Congressional panel in Phoenix hears claims of voter inequality

Oct 2, 2019, 4:35 AM

(KTAR News/Peter Samore)...

(KTAR News/Peter Samore)

(KTAR News/Peter Samore)

PHOENIX — Congress came to Phoenix College for a house subcommittee hearing on voter rights and accessibility for Arizona’s Native Americans.

By state law, voters must produce photographic identification at polling places.

“In contrast, individuals who cast provisional ballots, or vote early by mail, do not have to provide identification in order to receive their ballots,” said Stephen Roe Lewis, governor of the Gila River Indian Community.

He also says his tribal members, in some cases, must drive 95 miles to polling places.

Navajo Nation President Jonathan Nez says his people don’t like vote by mail.

“When there is a day of elections, it’s a day to bring everybody together to catch up with family members,” he explained.

Arizona has closed 320 polling places this decade in favor of vote by mail.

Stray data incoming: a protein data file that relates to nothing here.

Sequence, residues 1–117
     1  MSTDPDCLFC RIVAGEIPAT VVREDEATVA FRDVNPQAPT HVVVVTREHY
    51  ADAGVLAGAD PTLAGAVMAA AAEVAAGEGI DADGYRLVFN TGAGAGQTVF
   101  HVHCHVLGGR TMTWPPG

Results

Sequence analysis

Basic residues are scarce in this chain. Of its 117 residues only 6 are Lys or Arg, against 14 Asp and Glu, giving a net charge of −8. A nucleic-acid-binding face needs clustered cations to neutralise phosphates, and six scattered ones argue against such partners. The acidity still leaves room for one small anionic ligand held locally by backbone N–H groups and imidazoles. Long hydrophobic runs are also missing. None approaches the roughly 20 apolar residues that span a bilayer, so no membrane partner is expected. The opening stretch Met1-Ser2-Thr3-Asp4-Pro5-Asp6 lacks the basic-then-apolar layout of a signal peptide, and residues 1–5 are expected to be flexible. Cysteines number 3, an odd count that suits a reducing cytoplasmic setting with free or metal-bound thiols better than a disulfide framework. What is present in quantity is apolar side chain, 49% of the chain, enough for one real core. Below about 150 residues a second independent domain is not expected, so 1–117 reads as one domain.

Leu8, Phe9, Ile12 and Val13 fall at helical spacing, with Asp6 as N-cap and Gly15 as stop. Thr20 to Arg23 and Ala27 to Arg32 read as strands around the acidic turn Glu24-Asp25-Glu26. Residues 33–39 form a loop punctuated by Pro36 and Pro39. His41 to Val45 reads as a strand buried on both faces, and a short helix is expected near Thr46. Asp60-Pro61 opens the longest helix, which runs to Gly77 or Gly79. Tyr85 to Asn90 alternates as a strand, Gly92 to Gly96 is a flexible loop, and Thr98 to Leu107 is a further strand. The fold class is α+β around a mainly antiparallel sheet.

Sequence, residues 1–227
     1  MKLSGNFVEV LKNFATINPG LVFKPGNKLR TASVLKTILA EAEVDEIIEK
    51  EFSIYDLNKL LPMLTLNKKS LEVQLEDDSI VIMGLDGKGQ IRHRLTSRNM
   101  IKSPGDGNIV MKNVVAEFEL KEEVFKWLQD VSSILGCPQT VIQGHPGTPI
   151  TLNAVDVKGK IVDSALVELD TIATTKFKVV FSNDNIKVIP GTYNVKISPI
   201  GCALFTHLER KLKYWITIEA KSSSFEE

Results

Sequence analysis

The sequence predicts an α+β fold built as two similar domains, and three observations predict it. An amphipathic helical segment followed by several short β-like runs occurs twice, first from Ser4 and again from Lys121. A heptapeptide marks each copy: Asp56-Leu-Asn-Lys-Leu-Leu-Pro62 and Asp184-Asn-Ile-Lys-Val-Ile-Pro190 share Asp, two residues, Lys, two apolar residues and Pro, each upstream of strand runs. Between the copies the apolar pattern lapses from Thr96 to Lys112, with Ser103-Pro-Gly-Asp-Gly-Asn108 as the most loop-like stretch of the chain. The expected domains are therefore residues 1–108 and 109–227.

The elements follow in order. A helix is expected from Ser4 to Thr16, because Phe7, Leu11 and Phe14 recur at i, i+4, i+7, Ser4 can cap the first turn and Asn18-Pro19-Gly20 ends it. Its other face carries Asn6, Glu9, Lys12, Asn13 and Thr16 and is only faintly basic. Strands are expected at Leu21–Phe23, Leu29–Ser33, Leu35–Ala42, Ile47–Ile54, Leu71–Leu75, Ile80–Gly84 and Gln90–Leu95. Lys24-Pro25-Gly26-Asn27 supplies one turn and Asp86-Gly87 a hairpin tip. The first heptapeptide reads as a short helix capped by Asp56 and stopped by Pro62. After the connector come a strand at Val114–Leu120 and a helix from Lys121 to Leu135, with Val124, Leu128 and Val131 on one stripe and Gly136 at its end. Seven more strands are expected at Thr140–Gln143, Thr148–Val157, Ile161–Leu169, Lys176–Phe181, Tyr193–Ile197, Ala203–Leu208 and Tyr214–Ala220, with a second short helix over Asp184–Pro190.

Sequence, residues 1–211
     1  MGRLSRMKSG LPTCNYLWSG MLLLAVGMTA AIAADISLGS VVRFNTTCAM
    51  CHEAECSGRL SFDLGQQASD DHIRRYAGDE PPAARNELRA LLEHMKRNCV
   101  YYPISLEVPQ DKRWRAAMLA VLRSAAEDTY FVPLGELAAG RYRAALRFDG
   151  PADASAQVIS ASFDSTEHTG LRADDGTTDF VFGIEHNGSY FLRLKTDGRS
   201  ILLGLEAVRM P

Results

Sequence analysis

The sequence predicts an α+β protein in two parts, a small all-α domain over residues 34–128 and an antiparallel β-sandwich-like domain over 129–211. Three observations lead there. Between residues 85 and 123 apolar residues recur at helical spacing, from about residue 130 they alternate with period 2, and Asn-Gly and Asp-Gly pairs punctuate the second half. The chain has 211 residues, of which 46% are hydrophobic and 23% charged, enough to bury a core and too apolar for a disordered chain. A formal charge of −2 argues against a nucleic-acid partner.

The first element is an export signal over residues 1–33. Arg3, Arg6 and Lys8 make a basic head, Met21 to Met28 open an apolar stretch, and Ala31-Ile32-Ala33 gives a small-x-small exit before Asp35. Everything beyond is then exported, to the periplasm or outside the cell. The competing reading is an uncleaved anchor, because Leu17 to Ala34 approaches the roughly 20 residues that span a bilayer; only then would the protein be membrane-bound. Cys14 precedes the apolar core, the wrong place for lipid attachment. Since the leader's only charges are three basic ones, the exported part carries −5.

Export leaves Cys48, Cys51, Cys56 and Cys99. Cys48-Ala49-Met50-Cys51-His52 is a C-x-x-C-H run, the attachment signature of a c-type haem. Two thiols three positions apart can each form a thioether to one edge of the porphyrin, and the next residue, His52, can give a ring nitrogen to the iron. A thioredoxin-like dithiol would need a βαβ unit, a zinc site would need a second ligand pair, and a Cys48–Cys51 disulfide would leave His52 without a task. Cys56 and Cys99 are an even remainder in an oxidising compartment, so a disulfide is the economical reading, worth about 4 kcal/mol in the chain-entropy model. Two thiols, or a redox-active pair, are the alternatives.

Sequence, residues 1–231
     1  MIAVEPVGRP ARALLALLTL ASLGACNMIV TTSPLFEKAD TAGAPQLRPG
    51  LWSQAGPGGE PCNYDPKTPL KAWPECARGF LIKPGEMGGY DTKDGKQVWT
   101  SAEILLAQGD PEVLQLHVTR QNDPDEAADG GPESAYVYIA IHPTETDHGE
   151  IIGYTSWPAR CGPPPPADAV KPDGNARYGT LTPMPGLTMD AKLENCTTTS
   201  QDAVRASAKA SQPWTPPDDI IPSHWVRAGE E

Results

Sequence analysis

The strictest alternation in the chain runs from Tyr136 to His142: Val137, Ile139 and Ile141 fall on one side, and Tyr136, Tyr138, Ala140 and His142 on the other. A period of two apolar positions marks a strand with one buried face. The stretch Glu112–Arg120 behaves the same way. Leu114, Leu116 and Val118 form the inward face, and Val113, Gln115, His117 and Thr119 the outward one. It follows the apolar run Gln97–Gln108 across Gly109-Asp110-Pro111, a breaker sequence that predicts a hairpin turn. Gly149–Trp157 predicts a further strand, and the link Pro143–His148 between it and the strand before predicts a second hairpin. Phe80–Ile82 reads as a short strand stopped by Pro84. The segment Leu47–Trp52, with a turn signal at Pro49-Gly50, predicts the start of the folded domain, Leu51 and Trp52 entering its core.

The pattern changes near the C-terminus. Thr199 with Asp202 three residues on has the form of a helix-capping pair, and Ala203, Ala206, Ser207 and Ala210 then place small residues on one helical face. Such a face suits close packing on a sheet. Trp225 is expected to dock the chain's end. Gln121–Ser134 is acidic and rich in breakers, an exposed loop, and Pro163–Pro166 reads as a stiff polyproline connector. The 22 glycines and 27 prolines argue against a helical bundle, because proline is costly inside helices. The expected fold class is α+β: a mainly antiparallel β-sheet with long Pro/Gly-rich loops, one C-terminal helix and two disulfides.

In some cases, five Navajo families share the same P.O. box, possibly confusing postal workers.

Nez also said moving the primary elections away from his community’s elections in 2016 hurt voter turnout.

“A lot of the laws that are being changed for the state of Arizona go through the legislature and, sometimes, they don’t know that hurts the nation.”

Other activists at Tuesday’s panel called lack of voter access among tribes a violation of equal access laws.

“While every county has in-person early voting off reservation, there are limited opportunities in-person early voting off reservation,” said Patty Ferguson-Bohnee, director of the Indian Legal Clinic at ASU’s Sandra Day O’Connor College of Law.

She also says tribal lands have unreliable internet access to register to vote online.

Alex Gulotta with the group All Voting is Local admits that polling place technology has improved.

“But we have made these changes without doing any analysis of the potential racial impact,” he claimed.

The activists told the congressional panel that online registration forms don’t match paper forms.

In a statement, Maricopa County Recorder Adrian Fontes said he appreciates the congressional panel coming to Phoenix, but he wants them to know Arizona has expanded curbside voting and provided audio ballots for non-written languages.

Fontes also said he wants the public “to have and gain confidence in our election system.”

He added, in Maricopa County, nearly two-thirds of registered voters turned out at last year’s midterm election — a record.

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Congressional panel in Phoenix hears claims of voter inequality